Rare books are definitely a cult – of the obsessive kind,” nods Pom Harrington, owner of Peter Harrington Rare Books in London. “Our trade is very quirky. Booksellers are even quirkier. So are the customers. But I think our business is opening up the market.” It’s a fair claim. What began in 1969 as a stall in Chelsea Antiques Market, run by Harrington’s father and uncle, has developed into a two-shop operation and a thriving e-store. The Chelsea headquarters isn’t a “dusty old bookshop with some grumpy old man peering over his glasses”, jokes Harrington, but a brightly converted set of townhouses lined, floor to ceiling, with vintage tomes, and staffed by a team of young, approachable – and knowledgeable – booksellers.
The extensive stock – some 20,000 books – ranges from a first edition of Rainforest (£40), a novel by Doris Lessing’s unofficially adopted daughter Jenny Diski, and an early edition of A Christmas Carol (£1,250), to a 1937 copy of Gone with the Wind (£12,500) inscribed by Vivien Leigh to a friend long before she was cast as Scarlett O’Hara in the film. “We find books at auctions, fairs and dealers all over the world,” says Harrington. “We spend a lot of time in the US, but also visit Paris, Stuttgart, Melbourne, Tokyo and Cape Town at least once a year.” He is also approached frequently by amateur traders hoping for an Antiques Roadshow-style attic jackpot. “We get emails saying: ‘I’ve got The Bible, signed.’ No, you don’t. ‘A folio of Shakespeare’s plays, signed by William Shakespeare.’ No, you don’t. Then we got one saying: ‘I’ve got a first-edition Frankenstein signed by Mary Shelley.’ No, you don’t.” In the case of Mary Shelley, they did – and it was valued at £350,000.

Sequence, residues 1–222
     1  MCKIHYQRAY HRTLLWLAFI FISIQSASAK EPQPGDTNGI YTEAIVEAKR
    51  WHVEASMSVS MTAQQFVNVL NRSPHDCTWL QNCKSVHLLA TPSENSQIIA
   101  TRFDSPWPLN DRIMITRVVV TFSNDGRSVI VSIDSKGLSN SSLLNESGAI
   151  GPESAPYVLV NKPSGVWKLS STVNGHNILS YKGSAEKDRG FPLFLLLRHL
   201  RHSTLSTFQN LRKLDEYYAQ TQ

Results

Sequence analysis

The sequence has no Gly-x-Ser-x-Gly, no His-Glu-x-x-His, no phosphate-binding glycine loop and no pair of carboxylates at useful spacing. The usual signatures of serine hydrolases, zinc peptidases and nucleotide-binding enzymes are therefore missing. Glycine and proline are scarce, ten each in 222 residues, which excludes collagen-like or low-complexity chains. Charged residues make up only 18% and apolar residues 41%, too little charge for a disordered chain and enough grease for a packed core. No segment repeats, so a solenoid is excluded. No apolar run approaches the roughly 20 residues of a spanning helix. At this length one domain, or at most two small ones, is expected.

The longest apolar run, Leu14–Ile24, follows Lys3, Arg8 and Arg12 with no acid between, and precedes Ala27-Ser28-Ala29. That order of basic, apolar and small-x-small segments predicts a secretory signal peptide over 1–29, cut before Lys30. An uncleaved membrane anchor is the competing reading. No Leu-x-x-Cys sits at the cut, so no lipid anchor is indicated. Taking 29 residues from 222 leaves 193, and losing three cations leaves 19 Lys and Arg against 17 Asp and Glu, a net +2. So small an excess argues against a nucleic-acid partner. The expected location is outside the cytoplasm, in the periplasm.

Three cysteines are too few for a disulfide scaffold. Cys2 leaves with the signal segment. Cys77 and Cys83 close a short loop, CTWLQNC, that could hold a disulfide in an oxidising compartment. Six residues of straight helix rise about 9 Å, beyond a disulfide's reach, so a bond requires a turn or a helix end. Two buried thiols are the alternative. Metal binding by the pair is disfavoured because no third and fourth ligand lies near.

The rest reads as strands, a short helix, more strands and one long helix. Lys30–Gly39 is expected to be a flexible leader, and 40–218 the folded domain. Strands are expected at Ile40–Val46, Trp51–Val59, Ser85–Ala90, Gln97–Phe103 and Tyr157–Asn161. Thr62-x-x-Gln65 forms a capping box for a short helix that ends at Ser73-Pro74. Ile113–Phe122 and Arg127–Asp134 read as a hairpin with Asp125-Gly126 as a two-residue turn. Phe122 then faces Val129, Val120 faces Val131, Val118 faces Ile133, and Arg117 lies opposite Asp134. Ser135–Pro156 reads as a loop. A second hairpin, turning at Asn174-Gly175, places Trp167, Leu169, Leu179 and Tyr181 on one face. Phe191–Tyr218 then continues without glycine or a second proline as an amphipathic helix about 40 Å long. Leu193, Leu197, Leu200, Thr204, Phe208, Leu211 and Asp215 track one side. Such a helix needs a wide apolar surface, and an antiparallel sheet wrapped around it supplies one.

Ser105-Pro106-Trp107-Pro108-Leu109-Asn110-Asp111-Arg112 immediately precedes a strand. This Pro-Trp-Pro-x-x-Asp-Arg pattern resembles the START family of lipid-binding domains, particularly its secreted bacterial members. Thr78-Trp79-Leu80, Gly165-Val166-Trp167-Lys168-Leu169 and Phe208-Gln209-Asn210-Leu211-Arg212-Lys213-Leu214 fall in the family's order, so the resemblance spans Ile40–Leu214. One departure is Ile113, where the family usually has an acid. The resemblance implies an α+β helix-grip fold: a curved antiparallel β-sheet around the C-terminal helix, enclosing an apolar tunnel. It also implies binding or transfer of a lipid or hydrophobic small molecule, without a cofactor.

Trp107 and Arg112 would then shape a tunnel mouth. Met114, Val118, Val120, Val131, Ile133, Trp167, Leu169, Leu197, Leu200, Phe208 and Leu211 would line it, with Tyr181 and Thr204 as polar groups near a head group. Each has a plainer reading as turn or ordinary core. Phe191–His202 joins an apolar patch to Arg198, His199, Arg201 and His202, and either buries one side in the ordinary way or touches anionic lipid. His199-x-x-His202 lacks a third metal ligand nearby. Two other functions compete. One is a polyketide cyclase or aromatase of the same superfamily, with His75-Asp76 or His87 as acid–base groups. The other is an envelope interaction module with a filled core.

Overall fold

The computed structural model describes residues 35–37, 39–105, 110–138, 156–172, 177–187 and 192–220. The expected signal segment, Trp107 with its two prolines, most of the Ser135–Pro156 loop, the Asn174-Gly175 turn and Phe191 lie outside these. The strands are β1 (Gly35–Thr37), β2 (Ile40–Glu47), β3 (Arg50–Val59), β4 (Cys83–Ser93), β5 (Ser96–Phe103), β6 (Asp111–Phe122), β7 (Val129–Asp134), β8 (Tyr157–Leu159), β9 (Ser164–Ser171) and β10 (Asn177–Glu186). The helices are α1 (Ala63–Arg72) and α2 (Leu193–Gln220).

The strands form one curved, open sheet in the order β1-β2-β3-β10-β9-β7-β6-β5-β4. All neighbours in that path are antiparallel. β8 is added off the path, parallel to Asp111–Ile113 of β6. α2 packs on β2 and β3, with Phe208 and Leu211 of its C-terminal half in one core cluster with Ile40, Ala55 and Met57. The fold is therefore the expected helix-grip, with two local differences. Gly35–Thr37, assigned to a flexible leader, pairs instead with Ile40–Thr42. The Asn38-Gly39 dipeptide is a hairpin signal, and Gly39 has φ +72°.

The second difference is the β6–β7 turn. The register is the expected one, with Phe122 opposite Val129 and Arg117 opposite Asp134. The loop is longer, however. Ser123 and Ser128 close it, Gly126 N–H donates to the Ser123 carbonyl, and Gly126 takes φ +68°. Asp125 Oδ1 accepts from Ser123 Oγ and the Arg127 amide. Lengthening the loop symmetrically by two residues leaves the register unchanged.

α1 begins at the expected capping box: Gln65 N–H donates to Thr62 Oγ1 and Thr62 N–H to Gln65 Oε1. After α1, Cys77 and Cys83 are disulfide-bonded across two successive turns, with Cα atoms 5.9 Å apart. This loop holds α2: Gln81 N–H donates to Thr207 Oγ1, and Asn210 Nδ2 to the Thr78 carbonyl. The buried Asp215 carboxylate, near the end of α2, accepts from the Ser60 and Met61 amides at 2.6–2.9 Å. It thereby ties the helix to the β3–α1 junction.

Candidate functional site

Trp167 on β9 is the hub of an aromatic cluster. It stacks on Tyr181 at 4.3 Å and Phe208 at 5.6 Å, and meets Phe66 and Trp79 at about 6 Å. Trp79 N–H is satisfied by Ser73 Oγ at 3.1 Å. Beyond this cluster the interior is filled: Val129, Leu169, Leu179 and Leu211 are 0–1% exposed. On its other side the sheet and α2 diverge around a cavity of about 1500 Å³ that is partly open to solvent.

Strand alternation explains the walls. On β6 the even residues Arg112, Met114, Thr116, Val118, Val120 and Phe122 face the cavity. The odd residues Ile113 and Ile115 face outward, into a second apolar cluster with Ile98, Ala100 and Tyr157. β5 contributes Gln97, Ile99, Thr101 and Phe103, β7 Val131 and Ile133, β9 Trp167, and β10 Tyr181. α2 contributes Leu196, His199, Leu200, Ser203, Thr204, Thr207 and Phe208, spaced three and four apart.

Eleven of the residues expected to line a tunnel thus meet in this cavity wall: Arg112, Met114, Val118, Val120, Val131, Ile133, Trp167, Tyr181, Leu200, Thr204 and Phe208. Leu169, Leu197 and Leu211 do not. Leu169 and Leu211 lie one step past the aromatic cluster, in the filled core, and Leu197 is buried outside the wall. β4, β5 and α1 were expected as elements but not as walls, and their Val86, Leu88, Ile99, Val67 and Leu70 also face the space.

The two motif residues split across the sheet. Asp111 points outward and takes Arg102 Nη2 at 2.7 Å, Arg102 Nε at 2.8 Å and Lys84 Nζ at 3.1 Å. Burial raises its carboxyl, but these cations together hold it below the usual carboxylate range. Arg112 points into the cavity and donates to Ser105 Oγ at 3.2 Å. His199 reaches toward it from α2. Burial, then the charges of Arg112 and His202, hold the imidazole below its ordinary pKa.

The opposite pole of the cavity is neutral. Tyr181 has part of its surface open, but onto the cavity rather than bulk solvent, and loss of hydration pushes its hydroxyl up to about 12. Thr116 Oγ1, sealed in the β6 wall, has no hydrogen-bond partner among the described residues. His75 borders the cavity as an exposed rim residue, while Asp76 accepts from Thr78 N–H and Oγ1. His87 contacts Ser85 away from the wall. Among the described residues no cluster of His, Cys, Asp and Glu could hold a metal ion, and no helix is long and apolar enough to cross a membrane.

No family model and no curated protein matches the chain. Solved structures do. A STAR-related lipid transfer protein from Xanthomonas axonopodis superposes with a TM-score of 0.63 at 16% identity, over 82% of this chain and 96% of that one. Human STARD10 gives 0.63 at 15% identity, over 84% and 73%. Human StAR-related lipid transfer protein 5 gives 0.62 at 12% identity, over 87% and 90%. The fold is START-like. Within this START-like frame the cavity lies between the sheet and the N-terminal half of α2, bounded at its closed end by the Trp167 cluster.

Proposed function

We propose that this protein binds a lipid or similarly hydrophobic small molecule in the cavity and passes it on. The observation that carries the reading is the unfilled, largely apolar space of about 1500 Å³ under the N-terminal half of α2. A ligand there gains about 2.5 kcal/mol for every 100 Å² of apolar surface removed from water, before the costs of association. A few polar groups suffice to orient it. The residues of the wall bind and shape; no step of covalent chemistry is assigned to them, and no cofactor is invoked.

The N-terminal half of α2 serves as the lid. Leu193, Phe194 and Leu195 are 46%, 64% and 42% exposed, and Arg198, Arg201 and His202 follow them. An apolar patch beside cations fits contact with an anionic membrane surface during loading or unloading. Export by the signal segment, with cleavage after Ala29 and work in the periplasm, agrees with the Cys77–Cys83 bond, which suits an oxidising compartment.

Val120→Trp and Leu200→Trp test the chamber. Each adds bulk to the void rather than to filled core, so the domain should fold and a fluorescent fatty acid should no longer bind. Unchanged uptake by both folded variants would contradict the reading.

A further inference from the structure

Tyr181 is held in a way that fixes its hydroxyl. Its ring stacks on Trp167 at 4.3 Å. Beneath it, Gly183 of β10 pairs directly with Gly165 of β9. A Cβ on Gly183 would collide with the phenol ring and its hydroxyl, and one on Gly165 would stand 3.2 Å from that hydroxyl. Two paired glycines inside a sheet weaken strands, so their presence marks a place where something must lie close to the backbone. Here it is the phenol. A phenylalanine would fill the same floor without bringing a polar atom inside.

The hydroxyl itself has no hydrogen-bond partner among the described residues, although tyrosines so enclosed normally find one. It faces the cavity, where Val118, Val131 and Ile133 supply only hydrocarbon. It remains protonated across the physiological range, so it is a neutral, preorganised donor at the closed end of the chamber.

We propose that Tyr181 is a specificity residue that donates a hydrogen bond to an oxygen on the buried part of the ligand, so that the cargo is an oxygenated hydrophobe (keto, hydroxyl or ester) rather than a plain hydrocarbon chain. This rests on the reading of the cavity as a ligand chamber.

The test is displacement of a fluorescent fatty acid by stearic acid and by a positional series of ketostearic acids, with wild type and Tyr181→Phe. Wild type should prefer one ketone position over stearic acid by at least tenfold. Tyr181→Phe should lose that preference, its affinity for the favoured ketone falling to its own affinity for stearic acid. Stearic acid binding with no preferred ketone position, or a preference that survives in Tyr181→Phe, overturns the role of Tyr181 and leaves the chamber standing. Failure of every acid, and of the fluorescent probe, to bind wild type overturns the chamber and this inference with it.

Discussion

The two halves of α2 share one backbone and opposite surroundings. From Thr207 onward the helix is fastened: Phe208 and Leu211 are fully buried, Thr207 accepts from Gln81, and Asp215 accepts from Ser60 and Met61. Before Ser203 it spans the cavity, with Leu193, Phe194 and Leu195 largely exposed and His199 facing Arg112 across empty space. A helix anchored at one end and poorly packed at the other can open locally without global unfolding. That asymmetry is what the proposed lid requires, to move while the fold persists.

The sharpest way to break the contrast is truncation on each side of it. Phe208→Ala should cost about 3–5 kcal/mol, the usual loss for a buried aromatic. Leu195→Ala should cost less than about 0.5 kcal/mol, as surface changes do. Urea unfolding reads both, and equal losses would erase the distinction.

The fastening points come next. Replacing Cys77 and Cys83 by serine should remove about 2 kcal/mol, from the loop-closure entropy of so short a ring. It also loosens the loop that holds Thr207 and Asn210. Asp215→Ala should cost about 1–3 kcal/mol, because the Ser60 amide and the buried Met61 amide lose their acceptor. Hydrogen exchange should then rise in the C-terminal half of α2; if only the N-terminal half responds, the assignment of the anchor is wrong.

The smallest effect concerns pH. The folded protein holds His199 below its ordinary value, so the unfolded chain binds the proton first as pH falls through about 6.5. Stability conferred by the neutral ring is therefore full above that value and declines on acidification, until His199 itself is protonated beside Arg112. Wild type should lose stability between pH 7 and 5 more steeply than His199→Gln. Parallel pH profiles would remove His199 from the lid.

The highest price tag to date, though, is the £2.5m attached to a complete collection of first-edition James Bond books – each signed by Ian Fleming and dedicated variously to his wife, Winston Churchill, Robert Kennedy and, oddly, James Bond. With such finds, it’s unsurprising that Harrington’s customers include royalty (he has just applied for a Royal Warrant), world leaders, “most of your Hollywood A-listers”, and a “Silicon Valley king” who wanted “50 metres of books” to fill his shelves to a budget of $200,000.
A more popular request is for thoughtful and unique gifts. For poetry fans, perhaps a first edition of Maya Angelou’s 1971 collection, Just Give Me a Cool Drink of Water ’fore I Diiie (£575). For photography buffs, a first US edition of Henri Cartier-Bresson’s The Decisive Moment with a Matisse-designed cover and an inscription for a fellow photographer: “To Dick Schuler, who gets brilliance out of our darkness” .
As to Harrington’s own preferences, he admits that he holds onto the best Roald Dahl that comes in (“my cheaper obsession”), but it was A Tale of Two Cities inscribed to George Eliot by Charles Dickens that led him furthest into temptation. “I kept it for about a year and a half. I took it home. I actually had a safe installed,” says Harrington, who eventually put the book on the market for £275,000. “It’s hard to be a dealer and a collector. But I’m very much a dealer first.”